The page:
After Fitbit announced its acquisition of Pebble last week, the death of the Kickstarter darling’s devices appeared to be imminent.
But in a post-purchase note to developers on its blog, Pebble reassured its community that the end of support for its wearables hasn’t come — at least not for another year.
The post’s author Jon Barlow, who was an active member of Pebble’s DIY community and is now a “Developer Advocate” at Fitbit, strikes a positive tone for the immediate future of the wearables.
Fitbit is going out of its way to keep Pebble software and services running through 2017. To be clear, no one on this freshly-formed team seeks to brick Pebble watches in active service. The Pebble SDK, CloudPebble, Timeline APIs, firmware availability, mobile apps, developer portal, and Pebble appstore are all elements of the Pebble ecosystem that will remain in service at this time. Pebble developers are welcome to keep creating and updating apps. Pebble users are free to keep enjoying their watches.
To put it simply: Pebble isn’t quite dead yet.
According to Barlow, Pebble’s mobile apps will be updated to lessen their dependence on cloud services in order to function. Once those services are discontinued, he claims, Pebble’s wearables still in use won’t break functionality.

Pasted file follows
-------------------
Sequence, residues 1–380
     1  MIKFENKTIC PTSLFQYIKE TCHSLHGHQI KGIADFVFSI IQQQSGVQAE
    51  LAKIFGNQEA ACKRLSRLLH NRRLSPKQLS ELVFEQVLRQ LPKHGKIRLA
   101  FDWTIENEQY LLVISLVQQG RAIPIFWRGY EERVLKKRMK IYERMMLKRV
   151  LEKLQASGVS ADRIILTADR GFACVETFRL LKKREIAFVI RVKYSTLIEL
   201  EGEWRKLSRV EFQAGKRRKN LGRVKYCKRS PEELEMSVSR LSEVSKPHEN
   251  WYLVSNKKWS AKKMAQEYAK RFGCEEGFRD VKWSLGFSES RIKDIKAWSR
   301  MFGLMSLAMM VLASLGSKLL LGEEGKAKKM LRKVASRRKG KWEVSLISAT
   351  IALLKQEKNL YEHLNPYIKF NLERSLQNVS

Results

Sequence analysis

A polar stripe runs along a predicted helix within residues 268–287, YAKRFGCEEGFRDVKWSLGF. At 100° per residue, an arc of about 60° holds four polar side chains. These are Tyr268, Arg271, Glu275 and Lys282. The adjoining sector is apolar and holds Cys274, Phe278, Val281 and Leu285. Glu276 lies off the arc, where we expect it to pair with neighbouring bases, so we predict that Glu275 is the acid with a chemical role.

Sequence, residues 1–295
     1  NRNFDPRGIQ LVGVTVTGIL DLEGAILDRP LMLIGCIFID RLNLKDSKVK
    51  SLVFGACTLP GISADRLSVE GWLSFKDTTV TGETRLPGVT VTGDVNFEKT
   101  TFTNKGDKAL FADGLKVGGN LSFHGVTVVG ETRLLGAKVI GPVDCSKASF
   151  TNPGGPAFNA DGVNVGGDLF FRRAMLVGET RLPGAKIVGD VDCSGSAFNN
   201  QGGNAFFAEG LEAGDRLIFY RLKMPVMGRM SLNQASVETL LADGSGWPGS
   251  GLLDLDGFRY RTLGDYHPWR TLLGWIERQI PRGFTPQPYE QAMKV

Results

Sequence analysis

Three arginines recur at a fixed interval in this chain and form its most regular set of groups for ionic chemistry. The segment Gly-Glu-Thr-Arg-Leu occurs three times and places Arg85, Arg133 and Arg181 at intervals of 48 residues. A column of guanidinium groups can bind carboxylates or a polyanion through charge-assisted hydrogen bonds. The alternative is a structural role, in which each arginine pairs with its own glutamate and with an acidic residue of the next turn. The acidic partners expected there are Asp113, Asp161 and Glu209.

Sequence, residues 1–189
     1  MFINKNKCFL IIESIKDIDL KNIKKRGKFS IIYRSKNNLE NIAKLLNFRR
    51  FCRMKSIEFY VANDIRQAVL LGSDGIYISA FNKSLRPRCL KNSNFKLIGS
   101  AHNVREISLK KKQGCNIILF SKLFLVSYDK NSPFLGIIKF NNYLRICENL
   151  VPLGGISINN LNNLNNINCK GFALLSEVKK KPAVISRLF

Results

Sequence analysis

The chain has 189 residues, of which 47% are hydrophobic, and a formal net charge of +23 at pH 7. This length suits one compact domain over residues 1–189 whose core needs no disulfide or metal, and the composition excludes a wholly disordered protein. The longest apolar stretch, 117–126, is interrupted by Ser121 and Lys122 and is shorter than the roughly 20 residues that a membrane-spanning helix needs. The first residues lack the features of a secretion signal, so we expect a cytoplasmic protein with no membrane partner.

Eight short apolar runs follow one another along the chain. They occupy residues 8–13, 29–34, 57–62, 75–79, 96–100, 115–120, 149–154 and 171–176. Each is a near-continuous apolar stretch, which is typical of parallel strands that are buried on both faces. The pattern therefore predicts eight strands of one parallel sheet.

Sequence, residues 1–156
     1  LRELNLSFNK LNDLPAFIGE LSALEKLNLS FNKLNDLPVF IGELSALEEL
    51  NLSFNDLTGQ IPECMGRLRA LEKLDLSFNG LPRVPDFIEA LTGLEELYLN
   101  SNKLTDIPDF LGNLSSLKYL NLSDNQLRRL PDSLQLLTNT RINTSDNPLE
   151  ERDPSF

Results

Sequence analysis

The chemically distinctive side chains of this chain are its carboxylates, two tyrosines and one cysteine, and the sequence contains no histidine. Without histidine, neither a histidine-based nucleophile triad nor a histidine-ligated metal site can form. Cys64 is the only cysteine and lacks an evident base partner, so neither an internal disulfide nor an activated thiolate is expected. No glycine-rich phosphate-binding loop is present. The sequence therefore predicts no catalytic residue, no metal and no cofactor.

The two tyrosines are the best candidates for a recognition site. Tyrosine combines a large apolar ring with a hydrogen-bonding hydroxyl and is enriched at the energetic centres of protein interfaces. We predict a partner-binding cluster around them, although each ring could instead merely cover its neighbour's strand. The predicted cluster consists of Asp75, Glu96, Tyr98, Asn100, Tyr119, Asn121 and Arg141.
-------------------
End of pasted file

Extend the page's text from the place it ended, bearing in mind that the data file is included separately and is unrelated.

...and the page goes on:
Pebble Health’s functions will not be affected by this update, but some smart features of the platform that depend on third-party services might not last so long. Those capabilities are being tested to determine if they’ll be able to stick around with less support.
Beyond 2017, it looks like it will be up to the Pebble developers’ community to keep the wearables out in the wild up and running.
This doesn’t change much in regard to the longterm life of the Pebble brand — with Fitbit taking over the software and firmware intellectual property with its acquisition, all new hardware going forward will have the Fitbit label.
But for Pebble diehards, the extra year is a reassuring new lease on life. They’ll have some time to find solutions for their beloved smartwatches — or at least 12 months to say goodbye.